CD Review of Man Overboard by Ian Hunter
Ian Hunter: Man Overboard
Recommended if you like
Faces, Bob Dylan, John Waite
New West
Ian Hunter:
Man Overboard

Reviewed by Lee Zimmerman

espite his undeniable affinity for unabashed and irreverent full-tilt rock ‘n’ roll, Ian Hunter’s always been a rather circumspect musician, one who muses about circumstance from a more thoughtful point of view. Before it became popular for rockers to pen their autobiographies, he published Diary of a Rock Star, one of the first literary narratives describing life as a musical vagabond. Even while at the helm of Mott the Hoople, Hunter balanced his edgier inclinations with ballads of gentle repose, endowing songs such as "Angel of Eighth Avenue" and "Wrong Side of the River" with a naked vulnerability that defied the strutting posture and pompous attitudes of his contemporaries.

No wonder, then, that having just turned 70 (!), Hunter continues to opt for reflection, voicing it with an aching sandpapery vocal that’s shifted from its uncanny early similarity to Dylan to a gravelly soulful croon that would otherwise make him a dead ringer for the younger, pre-MOR Rod Stewart. In fact, those pinning for Rod’s return to form (along with that rumored Faces reunion) would be well advised to sample Overboard, Hunter’s most consistent effort yet and a song-perfect collection that spotlights him in the guise of a tattered troubadour. There’s not a number here that doesn’t have an irrepressible hook, and yet Hunter’s ramshackle style evokes a loose, unfettered approach that affirms commitment at every turn. That’s especially true of songs such as "The Great Escape," "Up and Running," and "Babylon Blues," feisty, straight-on rave-ups that convey a genial unpretentious attitude and a decidedly loose groove. And even at his age, he’s still a frisky sort: "Girl from the Office" may come across as a genial sing-along, but its lascivious intents are all too clear. Hunter still harbors a young man’s resolve, but that cavalier spirit springs more from confidence than cockiness.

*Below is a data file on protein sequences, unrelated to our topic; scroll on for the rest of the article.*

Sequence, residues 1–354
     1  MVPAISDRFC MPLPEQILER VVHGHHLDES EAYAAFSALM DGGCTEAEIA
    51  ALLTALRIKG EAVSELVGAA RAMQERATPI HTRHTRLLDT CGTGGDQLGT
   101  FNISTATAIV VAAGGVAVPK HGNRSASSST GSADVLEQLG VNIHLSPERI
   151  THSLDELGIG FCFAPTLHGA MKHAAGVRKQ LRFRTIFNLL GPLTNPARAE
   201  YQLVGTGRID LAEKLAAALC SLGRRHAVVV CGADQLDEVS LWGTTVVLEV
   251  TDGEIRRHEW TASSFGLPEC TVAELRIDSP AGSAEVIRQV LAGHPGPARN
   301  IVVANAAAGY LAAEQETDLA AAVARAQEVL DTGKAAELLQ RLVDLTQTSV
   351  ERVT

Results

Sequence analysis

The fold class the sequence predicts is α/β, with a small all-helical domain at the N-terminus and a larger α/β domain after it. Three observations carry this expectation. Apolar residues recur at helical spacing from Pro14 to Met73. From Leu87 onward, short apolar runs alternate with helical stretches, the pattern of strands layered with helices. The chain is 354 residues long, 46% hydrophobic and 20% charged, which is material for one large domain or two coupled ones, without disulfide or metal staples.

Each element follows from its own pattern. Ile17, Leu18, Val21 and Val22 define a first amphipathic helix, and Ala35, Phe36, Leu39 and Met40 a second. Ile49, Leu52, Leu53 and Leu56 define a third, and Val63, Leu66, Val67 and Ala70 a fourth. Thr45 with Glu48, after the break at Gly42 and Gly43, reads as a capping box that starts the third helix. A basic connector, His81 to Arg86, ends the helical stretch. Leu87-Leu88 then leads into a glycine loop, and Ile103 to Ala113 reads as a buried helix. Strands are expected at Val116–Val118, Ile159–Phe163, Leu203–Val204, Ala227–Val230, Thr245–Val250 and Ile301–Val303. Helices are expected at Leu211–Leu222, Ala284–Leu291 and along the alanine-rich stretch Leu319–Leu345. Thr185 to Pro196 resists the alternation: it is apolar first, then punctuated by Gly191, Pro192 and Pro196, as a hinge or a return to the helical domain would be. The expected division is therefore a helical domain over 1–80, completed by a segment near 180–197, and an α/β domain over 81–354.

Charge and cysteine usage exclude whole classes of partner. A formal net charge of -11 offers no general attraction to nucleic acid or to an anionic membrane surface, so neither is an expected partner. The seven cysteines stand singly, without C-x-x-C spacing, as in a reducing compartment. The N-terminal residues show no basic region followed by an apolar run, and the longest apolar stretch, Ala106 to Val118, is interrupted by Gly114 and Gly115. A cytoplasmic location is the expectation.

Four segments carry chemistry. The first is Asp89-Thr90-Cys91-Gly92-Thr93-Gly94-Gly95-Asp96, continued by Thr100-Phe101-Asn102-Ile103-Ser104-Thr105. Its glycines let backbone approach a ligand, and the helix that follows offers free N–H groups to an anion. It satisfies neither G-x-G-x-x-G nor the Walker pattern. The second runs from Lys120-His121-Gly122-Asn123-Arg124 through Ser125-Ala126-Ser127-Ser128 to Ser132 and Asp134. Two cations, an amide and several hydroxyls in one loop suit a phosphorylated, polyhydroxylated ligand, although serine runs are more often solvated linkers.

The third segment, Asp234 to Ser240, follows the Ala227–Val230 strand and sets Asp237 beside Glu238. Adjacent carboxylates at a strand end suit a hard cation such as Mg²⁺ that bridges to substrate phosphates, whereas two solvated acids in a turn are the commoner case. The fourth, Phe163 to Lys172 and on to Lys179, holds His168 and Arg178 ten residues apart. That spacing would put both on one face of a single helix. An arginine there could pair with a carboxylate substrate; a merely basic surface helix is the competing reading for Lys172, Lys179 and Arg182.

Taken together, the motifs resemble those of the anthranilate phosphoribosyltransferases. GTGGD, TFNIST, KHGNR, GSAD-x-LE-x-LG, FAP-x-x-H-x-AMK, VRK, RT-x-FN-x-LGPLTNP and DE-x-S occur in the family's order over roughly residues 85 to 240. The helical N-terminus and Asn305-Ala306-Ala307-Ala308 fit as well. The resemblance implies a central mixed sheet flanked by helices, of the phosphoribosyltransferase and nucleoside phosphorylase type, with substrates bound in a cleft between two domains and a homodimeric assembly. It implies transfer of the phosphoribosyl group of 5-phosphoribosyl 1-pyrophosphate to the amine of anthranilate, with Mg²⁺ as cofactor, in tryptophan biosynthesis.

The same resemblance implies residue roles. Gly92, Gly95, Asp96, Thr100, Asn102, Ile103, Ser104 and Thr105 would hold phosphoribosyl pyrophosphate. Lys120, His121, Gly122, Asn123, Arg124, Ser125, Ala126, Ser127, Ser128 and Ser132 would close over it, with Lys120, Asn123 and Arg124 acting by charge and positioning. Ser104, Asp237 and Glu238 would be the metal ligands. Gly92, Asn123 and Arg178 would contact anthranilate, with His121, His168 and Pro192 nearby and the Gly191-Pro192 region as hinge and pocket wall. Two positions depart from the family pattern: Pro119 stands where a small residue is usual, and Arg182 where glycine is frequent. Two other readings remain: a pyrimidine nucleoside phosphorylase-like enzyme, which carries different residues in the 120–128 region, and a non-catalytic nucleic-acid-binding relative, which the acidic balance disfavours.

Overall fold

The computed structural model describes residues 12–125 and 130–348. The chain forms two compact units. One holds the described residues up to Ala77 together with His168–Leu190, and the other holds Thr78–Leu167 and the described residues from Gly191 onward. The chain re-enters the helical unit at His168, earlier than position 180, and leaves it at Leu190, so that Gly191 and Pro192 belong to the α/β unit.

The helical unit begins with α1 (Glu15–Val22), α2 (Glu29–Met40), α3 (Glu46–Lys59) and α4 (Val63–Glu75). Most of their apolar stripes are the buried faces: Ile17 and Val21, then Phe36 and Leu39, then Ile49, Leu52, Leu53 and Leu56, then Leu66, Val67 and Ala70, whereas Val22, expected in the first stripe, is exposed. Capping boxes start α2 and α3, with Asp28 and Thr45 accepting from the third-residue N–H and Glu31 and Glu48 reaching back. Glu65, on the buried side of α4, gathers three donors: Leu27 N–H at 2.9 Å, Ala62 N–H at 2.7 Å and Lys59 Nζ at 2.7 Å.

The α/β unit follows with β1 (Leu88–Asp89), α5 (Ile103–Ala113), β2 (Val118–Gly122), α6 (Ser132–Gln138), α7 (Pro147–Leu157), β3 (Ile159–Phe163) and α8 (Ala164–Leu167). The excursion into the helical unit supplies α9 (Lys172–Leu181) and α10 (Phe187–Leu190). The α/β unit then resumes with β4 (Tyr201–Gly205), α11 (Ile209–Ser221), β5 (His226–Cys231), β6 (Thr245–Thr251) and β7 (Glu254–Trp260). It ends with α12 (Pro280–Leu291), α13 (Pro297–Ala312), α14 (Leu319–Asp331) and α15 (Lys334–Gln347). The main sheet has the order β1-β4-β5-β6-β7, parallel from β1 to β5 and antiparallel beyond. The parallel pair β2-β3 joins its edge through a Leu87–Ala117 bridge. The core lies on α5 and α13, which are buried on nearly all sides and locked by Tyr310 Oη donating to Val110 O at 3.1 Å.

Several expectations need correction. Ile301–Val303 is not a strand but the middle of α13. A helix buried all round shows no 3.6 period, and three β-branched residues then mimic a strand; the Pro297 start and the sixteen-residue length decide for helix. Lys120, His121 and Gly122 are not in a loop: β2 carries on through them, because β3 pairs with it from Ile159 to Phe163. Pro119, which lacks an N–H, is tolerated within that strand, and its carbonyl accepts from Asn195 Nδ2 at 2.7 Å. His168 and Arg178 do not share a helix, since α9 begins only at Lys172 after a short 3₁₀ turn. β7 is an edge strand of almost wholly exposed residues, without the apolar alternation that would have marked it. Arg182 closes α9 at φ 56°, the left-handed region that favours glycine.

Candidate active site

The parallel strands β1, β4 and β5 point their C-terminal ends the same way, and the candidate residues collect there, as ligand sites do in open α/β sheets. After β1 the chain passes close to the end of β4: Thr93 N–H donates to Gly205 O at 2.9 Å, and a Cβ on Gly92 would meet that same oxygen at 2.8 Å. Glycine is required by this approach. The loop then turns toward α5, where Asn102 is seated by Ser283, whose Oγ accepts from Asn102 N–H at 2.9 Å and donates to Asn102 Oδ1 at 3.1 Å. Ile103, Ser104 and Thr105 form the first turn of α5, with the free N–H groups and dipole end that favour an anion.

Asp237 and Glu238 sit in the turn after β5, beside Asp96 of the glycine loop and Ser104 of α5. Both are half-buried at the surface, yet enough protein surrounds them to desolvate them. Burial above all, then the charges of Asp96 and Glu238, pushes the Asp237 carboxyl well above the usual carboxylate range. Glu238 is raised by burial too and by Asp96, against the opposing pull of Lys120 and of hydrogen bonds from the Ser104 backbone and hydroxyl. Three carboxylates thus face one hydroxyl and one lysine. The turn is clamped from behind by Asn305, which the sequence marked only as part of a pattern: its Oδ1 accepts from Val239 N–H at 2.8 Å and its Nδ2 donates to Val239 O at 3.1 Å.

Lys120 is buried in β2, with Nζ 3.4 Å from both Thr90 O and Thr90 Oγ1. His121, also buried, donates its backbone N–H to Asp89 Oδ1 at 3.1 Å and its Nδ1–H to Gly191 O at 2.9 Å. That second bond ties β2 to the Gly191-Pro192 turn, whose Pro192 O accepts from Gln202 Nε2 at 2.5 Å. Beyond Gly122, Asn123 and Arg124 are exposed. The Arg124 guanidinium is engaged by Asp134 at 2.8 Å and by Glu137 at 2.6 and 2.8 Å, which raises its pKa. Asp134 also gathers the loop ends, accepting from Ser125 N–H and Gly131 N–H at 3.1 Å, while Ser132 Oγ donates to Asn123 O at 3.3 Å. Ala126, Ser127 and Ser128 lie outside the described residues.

Indeed, where some of his generation struck a detached poise – think Mick & Keith and Bowie as prime examples – Hunter’s never been afraid to step down from his pedestal and share his insecurities. Appropriately, then, "These Feelings" takes a thoughtful turn, with the title track following suit, as Hunter casts himself as a soul lost at sea and pinning for salvation. Grace and dignity go hand in hand with passion – a rare combination, but one befitting Hunter’s stature as an elder statesman who’s reached the point of being both vital and venerable.

Hunter has a full slate of activity ahead of him in the coming months, not the least of which is a Mott reunion scheduled to take place later this year. But while backwards glances may befit him, Man Overboard finds him facing forward on steady footing.

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